World Championship 2013

Name Rtg G1 G2 G3 G4 G5 G6 G7 G8 G9 G10 G11 G12 Pts Perf
Carlsen 2870 ½ ½ ½ ½ 1 1 ½ 4.5 2877
Anand 2775 ½ ½ ½ ½ 0 0 ½ 2.5 2768
Vishy Anand again sat down at the board first...
...while Carlsen preferred to stay in the rest area a bit longer
After shaking hands for the 7th time...
...and filling out the notation form...
...Carlsen actually left the stage, and returned at the board...
...only 18 seconds before the start. The term "zero tolerance" could be heard in the playing hall!


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Commenti


  • 12 mesi fa

    Bershevsky

    Fischer was one of the chess greats. But Carlsen is better. Time will certainly prove this. Listen all! Carlsen is the greatest! 

  • 12 mesi fa

    Minttunator

    These comments are more entertaining than the games themselves! Delusional Anand and Fischer fans like Am1n3 have been posting complete nonsense during the entire match - please keep it up, you guys are hilarious. Laughing

     

    Seriously though, comparing modern players to Fischer (or any other dead GM) is like discussing Batman vs Spiderman - it's a meaningless discussion with no objective answer. 

  • 12 mesi fa

    Mulaton

    @ amine, I get your point. I think what you want is magnus to destroy all the competitors and win every tournament like those genius you mentioned before isnt it? remember that carlsen is facing a stronger competition with better tools. I see magnus having better understanding of chess than any other player of this era. out of their oppenings, they just cant compete with magnus specially the endgame which is for me what true talent is all about because theres no way anyone can memorize it, so pure calculation from your mind is needed and no one is better than carlsen in that aspect. his talent is for real. Sorry, caruana may beat carlsen in one game but overall carlsen stands apart from the rest or how can you explain the 70 points over the second player? it might be inflated but this apply for everybody.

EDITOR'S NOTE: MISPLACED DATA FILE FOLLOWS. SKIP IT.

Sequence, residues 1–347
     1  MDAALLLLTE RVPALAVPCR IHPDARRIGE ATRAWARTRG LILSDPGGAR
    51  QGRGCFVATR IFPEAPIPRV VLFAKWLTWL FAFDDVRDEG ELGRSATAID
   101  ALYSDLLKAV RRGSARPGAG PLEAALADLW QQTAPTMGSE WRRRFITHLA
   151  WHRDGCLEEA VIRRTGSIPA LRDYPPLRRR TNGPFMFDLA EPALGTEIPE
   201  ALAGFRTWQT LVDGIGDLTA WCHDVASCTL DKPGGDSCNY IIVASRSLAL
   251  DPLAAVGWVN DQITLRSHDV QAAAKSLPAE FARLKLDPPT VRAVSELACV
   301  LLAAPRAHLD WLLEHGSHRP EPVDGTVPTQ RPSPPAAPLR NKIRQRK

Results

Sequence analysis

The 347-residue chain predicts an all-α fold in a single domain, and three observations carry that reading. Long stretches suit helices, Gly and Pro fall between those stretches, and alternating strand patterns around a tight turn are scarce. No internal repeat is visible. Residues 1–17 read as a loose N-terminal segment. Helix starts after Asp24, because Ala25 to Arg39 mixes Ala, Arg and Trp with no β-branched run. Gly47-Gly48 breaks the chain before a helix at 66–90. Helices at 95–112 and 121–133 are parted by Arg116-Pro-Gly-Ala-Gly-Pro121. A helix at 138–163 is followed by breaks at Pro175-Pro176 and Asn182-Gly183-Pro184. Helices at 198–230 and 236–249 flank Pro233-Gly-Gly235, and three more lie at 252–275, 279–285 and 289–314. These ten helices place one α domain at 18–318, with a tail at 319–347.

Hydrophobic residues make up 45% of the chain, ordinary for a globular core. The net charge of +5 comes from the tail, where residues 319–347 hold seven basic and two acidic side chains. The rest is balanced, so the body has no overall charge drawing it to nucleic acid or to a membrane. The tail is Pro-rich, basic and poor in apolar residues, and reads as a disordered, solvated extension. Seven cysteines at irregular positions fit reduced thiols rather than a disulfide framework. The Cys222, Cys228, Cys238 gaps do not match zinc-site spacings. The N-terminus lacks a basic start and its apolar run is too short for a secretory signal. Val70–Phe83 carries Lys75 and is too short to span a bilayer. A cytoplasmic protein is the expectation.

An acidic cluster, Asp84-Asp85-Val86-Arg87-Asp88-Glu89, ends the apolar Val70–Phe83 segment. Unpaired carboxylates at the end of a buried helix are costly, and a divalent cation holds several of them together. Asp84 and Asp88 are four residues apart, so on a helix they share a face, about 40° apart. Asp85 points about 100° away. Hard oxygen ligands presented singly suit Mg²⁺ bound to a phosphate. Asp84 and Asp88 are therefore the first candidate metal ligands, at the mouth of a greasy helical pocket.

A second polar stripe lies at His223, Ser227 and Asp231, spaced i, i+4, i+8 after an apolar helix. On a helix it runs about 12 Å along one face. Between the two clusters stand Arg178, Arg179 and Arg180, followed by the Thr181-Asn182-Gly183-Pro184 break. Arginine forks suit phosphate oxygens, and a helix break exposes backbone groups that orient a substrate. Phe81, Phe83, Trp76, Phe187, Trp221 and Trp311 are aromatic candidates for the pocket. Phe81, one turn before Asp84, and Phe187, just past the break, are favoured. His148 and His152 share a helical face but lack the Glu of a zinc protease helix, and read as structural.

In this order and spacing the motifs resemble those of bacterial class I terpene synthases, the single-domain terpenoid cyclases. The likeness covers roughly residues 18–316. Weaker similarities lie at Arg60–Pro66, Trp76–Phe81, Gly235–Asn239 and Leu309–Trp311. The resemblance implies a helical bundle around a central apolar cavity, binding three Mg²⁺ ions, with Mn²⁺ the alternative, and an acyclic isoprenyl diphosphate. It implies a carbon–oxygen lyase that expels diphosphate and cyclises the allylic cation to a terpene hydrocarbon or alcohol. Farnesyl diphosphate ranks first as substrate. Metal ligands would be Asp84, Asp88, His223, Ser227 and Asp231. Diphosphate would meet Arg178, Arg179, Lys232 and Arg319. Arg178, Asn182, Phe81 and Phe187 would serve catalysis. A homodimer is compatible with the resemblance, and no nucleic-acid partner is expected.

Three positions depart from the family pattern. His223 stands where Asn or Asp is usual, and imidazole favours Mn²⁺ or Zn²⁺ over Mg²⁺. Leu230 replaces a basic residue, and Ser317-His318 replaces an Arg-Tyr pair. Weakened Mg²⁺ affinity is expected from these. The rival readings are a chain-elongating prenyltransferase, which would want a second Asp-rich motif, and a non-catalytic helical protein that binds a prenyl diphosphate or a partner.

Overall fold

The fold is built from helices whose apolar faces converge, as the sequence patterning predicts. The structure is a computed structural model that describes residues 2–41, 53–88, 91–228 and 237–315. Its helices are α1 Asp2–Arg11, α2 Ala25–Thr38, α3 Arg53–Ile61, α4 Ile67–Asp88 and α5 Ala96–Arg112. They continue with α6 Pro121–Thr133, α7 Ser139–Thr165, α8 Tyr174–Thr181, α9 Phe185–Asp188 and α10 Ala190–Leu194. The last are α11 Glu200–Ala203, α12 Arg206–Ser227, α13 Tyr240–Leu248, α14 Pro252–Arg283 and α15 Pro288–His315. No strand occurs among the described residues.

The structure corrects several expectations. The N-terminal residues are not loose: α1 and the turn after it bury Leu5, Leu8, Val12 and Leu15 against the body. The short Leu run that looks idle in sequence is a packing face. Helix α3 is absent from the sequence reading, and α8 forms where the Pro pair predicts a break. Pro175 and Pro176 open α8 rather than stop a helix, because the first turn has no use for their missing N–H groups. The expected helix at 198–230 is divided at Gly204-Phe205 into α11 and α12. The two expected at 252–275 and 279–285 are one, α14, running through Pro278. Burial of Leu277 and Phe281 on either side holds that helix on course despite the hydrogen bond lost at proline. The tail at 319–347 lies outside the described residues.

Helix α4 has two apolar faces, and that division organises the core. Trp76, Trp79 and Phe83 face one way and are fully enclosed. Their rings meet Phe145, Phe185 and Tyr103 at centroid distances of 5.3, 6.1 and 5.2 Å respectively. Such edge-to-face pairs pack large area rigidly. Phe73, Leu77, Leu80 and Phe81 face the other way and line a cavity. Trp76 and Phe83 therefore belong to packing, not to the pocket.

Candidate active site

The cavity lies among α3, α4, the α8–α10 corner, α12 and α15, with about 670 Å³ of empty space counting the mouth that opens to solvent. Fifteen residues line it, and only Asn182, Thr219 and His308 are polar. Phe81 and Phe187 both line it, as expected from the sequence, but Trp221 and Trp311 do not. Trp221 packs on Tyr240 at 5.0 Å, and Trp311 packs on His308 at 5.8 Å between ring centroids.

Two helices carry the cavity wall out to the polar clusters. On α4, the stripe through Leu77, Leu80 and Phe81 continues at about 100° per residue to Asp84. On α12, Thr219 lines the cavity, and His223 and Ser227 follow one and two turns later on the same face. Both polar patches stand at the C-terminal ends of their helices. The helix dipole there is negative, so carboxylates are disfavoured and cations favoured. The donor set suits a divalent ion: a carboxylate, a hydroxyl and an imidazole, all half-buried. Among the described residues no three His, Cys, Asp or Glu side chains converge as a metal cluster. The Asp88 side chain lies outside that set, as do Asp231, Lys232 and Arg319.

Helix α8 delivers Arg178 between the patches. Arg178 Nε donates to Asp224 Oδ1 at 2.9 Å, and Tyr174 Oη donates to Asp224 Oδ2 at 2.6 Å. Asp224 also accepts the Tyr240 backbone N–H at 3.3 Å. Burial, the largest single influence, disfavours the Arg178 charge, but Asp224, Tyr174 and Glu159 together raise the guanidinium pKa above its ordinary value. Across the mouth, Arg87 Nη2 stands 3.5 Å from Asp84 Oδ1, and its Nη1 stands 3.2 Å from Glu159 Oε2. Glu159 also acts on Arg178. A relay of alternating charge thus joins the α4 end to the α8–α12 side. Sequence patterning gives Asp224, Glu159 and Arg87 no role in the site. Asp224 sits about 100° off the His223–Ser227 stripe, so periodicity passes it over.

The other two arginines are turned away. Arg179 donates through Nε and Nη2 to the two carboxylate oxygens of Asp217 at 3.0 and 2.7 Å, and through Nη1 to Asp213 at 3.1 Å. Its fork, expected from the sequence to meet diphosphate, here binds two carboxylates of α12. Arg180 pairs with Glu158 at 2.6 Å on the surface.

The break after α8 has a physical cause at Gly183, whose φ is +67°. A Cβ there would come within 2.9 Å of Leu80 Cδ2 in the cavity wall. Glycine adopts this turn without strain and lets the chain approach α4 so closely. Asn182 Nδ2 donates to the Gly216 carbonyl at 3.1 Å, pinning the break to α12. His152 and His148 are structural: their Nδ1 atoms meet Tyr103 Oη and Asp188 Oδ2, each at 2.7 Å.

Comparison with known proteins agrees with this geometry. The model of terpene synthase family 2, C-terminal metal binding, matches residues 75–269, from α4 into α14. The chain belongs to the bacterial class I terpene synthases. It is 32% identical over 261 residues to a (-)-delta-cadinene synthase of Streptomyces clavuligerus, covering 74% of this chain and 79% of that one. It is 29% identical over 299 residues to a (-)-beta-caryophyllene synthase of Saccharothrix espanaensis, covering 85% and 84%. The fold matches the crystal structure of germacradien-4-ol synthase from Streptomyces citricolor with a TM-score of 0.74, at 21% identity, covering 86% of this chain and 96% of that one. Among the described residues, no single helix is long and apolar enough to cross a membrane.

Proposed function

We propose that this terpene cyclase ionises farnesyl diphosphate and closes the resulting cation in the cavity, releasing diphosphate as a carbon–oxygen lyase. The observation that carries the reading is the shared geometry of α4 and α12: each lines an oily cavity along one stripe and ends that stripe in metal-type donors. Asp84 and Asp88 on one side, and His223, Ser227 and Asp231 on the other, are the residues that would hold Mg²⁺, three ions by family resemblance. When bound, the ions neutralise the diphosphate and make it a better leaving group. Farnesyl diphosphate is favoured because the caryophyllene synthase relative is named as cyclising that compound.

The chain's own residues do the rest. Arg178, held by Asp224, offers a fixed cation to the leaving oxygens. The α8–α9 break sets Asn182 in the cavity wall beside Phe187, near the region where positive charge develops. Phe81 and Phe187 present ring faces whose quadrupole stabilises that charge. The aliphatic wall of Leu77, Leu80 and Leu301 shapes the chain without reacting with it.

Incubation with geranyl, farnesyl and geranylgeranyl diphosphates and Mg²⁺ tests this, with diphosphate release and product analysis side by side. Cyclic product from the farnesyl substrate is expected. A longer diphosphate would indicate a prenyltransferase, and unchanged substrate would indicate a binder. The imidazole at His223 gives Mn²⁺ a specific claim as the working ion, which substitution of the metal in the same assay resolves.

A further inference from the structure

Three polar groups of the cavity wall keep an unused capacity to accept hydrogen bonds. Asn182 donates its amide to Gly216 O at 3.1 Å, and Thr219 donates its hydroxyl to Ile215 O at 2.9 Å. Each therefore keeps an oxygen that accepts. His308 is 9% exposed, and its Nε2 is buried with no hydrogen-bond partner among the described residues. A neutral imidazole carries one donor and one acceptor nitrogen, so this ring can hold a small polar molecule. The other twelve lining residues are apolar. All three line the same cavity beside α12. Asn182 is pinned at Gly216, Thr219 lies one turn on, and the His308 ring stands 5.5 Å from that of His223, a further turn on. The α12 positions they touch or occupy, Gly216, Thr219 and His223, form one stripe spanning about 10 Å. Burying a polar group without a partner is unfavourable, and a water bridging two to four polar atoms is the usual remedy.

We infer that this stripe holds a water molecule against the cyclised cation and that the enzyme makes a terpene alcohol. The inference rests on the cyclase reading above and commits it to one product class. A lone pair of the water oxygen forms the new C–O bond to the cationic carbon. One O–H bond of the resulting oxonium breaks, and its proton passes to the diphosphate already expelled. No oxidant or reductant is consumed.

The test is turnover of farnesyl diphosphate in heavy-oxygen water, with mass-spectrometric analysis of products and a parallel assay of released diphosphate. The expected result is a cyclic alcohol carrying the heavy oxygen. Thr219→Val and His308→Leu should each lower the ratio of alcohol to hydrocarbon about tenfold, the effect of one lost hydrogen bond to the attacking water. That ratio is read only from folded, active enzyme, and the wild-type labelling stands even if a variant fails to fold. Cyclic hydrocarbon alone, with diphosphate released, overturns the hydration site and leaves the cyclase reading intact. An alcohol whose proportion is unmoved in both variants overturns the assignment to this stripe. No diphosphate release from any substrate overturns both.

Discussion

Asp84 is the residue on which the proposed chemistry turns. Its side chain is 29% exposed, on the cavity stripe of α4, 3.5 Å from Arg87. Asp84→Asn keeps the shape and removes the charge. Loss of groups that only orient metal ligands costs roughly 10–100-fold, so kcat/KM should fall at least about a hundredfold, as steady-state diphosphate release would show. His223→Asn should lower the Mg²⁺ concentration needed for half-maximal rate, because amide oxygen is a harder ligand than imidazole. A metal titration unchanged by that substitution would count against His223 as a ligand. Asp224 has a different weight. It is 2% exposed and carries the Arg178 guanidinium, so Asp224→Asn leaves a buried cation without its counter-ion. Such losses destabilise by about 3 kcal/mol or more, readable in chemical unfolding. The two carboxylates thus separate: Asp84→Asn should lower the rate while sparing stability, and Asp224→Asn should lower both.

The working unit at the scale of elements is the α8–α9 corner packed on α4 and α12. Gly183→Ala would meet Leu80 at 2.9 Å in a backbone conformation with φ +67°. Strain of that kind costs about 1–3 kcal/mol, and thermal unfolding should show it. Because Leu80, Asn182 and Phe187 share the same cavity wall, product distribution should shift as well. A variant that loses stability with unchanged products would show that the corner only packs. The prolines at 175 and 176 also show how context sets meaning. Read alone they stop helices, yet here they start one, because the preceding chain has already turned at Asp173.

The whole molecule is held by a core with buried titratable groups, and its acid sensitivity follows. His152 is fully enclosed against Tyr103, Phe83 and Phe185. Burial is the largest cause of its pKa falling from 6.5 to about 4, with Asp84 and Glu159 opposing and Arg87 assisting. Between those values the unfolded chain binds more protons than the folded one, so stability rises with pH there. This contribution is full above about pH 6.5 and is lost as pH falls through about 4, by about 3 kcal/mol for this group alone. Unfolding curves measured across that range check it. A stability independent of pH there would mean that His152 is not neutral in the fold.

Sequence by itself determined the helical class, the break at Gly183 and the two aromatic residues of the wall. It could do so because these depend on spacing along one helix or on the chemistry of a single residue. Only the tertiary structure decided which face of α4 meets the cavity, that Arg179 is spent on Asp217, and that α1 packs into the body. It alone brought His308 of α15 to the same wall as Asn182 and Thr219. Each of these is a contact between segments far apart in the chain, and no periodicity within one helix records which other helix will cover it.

• 12 mesi fa

    sapientdust

    Am1n3: "And right now there are no  big differences between Carlsen and Caruana or Kramnik for example, they all have won major tournaments"

    Nonsense. None of the other top 10 players have placed 1st or 2nd in every single one of their last 18 tournaments, with 1st place in 12 of the 18. None of the other top 10 players were rated number 1 by the age of 19, and none of them have ever broken the all-time record on the rating list, or so dominated chess over the last few years that most of the smart money was on the challenger in this match.

  • 12 mesi fa

    maistor_tri4ko

    Anand seems pretty happy with this result. Maybe he is saving his energy for the upcoming candidates tournament.

  • 12 mesi fa

    Mulaton

    @ Amine Its ok that u dont like magnus style and you dont have to but nothing else. Just because you like bobby does not mean u have the absolute truth. The fact is that magnus is the best player and you cant refute that whether you like it or not. any comparison with those in the past is utopia.

  • 12 mesi fa

    waltervettivel

    Anand just want to escape with draws.He may be happy not to lose 3 in a row.Not a strong opponent for Carlson,after first 4 games Carlson lost his patience attacked Anand .Now again Anand testing Carlson's patience with draws,Anand can expect 2 more loses again.

  • 12 mesi fa

    scaccomato

    Dogsofwar 420,

    Keep in mind that as a chess player, Bobby Fisher did not have the help of modern computers. He pretty much analyzed his own games when playing with the Russians.